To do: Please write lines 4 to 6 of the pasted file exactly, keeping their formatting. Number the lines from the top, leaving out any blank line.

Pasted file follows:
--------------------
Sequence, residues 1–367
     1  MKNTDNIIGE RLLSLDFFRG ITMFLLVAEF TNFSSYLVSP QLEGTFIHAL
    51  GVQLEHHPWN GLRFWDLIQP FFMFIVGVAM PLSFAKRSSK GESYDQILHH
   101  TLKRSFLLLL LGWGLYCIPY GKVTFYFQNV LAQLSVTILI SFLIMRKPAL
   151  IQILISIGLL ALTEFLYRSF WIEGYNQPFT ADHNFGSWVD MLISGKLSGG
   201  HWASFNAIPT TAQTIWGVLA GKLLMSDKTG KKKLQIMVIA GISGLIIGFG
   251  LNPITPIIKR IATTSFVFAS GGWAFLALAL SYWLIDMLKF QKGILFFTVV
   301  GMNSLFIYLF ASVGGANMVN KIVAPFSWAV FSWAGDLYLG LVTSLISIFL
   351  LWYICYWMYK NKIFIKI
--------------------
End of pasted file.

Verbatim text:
   101  TLKRSFLLLL LGWGLYCIPY GKVTFYFQNV LAQLSVTILI SFLIMRKPAL
   151  IQILISIGLL ALTEFLYRSF WIEGYNQPFT ADHNFGSWVD MLISGKLSGG
   201  HWASFNAIPT TAQTIWGVLA GKLLMSDKTG KKKLQIMVIA GISGLIIGFG